Vollbracht C, Schneider B, Leendert V, Weiss G, Auerbach L, Beuth J. Intravenous vitamin C administration improves quality of life in breast cancer patients during chemo/radiotherapy and aftercare: results of a retrospective, multicentre, epidemiological cohort study in Germany. In Vivo. 2011;25(6):983–90.

Yeom CH, Jung GC, Song KJ. Changes of terminal Cancer patients’ healthrelated quality of life after high dose vitamin C administration. J Korean Med Sci. 2007;22(1):7.

Agathocleous M, Meacham CE, Burgess RJ, Piskounova E, Zhao Z, Crane GM, et al. Ascorbate regulates haematopoietic stem cell function and leukaemogenesis. Nature. 2017;549(7673):476–81.

BonillaPorras AR, JimenezDelRio M, VelezPardo C. Vitamin K3 and vitamin C alone or in combination induced apoptosis in leukemia cells by a similar oxidative stress signalling mechanism. Cancer Cell Int. 2011;11(1):19.

Cimmino L, Dolgalev I, Wang Y, Yoshimi A, Martin GH, Wang J, et al. Res toration of TET2 Function Blocks Aberrant SelfRenewal and Leukemia Progression. Cell. 2017;170(6):1079–1095.e20.

Iamsawat S, Tian L, Daenthanasanmak A, Wu Y, Nguyen HD, Bastian D, et al. Vitamin C stabilizes CD81 iTregs and enhances their therapeutic potential in controlling murine GVHD and leukemia relapse. Blood Adv. 2019;3(24):4187–201.

Mingay M, Chaturvedi A, Bilenky M, Cao Q, Jackson L, Hui T, et al. Vita min Cinduced epigenomic remodelling in IDH1 mutant acute myeloid leukaemia. Leukemia. 2018;32(1):11–20.

Aguilera O, MuñozSagastibelza M, Torrejón B, BorreroPalacios A, del PuertoNevado L, MartínezUseros J, et al. Vitamin C uncouples the Warburg metabolic switch in KRAS mutant colon cancer. Oncotarget. 2016;7(30):47954–65.

Brandt KE, Falls KC, Schoenfeld JD, Rodman SN, Gu Z, Zhan F, et al. Augmentation of intracellular iron using iron sucrose enhances the toxicity of pharmacological ascorbate in colon cancer cells. Redox Biol. 2018;14(July 2017):82–7

CenigaonandiaCampillo A, SernaBlasco R, GómezOcabo L, Solanes Casado S, BañosHerraiz N, Del PuertoNevado L, et al. Vitamin C activates pyruvate dehydrogenase (PDH) targeting the mitochondrial tricarboxylic acid (TCA) cycle in hypoxic KRAS mutant colon cancer. Theranostics. 2021;11(8):3595–606.

Mamede AC, Pires AS, Abrantes AM, Tavares SD, Gonçalves AC, Casalta Lopes JE, et al. Cytotoxicity of ascorbic acid in a human colorectal adenocarcinoma cell line (WiDr): in vitro and in vivo studies. Nutr Cancer. 2012;64(7):1049–57.

Nakanishi K, Hiramoto K, Ooi K. Highdose vitamin C exerts its anti cancer effects in a Xenograft model of Colon Cancer by suppressing angiogenesis. Biol Pharm Bull. 2021;44(6):884–7.

Pires AS, Marques CR, Encarnação JC, Abrantes AM, Mamede AC, Laranjo M, et al. Ascorbic acid and colon cancer: an oxidative stimulus to cell death depending on cell profile. Eur J Cell Biol. 2016;95(6–7):208–18.

Wang G, Yin T, Wang Y. In vitro and in vivo assessment of highdose vitamin C against murine tumors. Exp Ther Med. 2016;12(5):3058–62.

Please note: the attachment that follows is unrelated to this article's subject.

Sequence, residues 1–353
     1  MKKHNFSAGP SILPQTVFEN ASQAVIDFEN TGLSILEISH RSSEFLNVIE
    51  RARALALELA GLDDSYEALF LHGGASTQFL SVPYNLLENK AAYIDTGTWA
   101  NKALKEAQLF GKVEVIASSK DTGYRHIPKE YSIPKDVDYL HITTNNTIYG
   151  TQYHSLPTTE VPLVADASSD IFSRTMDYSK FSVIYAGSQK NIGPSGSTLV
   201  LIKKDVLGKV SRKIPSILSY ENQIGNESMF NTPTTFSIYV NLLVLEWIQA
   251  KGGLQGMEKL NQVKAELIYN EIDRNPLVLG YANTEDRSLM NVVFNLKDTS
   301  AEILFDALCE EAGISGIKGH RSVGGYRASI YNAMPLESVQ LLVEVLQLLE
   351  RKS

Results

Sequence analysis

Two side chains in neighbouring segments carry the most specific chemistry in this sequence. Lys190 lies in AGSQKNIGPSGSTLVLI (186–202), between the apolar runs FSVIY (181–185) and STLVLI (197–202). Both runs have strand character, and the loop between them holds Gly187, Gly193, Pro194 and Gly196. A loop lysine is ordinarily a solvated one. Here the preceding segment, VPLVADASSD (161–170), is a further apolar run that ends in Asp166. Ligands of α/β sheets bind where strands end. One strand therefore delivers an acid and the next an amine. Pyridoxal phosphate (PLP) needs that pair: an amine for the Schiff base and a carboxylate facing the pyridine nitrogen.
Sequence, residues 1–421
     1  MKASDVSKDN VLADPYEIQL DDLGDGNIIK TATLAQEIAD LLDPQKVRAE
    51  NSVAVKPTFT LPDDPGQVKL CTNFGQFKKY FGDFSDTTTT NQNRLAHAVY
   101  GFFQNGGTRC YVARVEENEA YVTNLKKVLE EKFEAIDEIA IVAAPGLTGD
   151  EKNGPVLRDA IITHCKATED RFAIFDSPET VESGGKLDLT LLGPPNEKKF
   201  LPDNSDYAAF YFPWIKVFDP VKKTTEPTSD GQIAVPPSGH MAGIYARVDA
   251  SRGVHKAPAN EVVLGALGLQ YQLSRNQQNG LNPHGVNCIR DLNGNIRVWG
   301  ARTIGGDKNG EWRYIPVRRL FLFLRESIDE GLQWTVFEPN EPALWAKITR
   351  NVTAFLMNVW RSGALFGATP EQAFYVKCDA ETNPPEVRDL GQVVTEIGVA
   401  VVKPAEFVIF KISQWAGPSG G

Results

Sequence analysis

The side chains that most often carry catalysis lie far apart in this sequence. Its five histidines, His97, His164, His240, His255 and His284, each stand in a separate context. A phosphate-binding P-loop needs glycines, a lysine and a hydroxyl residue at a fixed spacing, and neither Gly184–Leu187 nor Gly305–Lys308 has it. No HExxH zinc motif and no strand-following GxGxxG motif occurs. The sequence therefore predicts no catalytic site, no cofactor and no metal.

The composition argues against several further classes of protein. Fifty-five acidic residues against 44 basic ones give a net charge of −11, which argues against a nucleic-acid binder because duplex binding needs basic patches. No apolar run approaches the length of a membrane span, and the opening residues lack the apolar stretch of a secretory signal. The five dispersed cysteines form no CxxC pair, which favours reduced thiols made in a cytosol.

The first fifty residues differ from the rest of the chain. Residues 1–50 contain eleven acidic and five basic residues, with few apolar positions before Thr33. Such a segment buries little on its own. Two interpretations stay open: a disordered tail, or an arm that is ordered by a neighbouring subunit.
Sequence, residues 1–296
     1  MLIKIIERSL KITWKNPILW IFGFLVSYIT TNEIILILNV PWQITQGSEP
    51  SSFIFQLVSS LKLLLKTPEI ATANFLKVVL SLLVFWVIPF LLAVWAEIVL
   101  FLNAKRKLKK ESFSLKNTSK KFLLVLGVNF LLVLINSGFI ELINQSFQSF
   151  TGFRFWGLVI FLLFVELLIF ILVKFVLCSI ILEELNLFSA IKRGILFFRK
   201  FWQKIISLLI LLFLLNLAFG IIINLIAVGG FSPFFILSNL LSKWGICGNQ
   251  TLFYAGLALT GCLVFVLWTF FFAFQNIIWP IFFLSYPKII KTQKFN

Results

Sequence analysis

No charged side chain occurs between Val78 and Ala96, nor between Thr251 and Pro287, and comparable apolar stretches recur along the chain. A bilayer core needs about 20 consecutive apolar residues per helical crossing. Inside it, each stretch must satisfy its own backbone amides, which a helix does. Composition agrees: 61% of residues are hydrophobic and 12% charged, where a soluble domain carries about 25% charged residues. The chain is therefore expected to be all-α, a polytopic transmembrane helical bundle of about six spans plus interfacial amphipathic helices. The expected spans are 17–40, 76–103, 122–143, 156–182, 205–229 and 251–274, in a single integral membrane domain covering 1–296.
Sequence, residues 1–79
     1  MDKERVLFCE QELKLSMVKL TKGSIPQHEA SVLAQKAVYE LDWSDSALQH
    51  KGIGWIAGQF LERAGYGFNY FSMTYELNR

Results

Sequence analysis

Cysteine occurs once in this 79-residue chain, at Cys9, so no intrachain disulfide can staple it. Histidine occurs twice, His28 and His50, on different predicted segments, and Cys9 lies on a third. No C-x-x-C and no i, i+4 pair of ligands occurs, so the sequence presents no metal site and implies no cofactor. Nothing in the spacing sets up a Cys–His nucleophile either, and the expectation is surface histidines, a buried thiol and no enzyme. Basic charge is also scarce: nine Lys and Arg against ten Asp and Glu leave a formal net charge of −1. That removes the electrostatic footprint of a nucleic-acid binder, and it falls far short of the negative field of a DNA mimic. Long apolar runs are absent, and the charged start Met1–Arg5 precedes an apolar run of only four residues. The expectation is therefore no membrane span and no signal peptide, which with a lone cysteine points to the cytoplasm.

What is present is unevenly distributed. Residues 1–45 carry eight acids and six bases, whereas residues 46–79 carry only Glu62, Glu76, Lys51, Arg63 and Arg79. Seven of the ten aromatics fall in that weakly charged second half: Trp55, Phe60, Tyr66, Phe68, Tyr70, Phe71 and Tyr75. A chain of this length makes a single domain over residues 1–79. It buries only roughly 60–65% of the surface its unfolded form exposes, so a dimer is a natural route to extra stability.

Yun J, Mullarky E, Lu C, Bosch KN, Kavalier A, Rivera K, et al. Vitamin C selectively kills KRAS and BRAF mutant colorectal cancer cells by target ing GAPDH. Science (80 ). 2015;350(6266):1391–6.

Nakanishi K, Hiramoto K, Sato EF, Ooi K. Highdose vitamin C adminis tration inhibits the invasion and proliferation of melanoma cells in mice ovary. Biol Pharm Bull. 2021;44(1):75–81.

Chen XY, Chen Y, Qu CJ, Pan ZH, Qin Y, Zhang X, et al. Vitamin C induces human melanoma A375 cell apoptosis via Bax and Bcl2mediated mitochondrial pathways. Oncol Lett. 2019;18(4):3880–6.

Kang JS, Cho D, Kim YI, Hahm E, Yang Y, Kim D, et al. Lascorbic acid (vitamin C) induces the apoptosis of B16 murine melanoma cells via a caspase8?Independent pathway. Cancer Immunol Immunother. 2003;52(11):693–8.

Mustafi S, Sant DW, Liu ZJ, Wang G. Ascorbate induces apoptosis in melanoma cells by suppressing Clusterin expression. Sci Rep. 2017;7(1):3671.

Serrano OK, Parrow NL, Violet PC, Yang J, Zornjak J, Basseville A, et al. Antitumor effect of pharmacologic ascorbate in the B16 murine mela noma model. Free Radic Biol Med. 2015;87:193–203.

Du J, Martin SM, Levine M, Wagner BA, Buettner GR, Wang S, et al. Mechanisms of Ascorbateinduced cytotoxicity in pancreatic Cancer. Clin Cancer Res. 2010;16(2):509–20.

Pollard HB, Levine MA, Eidelman O, Pollard M. Pharmacological ascorbic acid suppresses syngeneic tumor growth and metastases in hormone refractory prostate cancer. In Vivo. 2010;24(3):249–55.

Li Z, He P, Luo G, Shi X, Yuan G, Zhang B, et al. Increased Tumoral micro environmental pH improves cytotoxic effect of pharmacologic ascorbic acid in castrationresistant prostate Cancer cells. Front Pharmacol. 2020;11:570939.

Chen P, Yu J, Chalmers B, Drisko J, Yang J, Li B, et al. Pharmacologi cal ascorbate induces cytotoxicity in prostate cancer cells through ATP depletion and induction of autophagy. AntiCancer Drugs. 2012;23(4):437–44.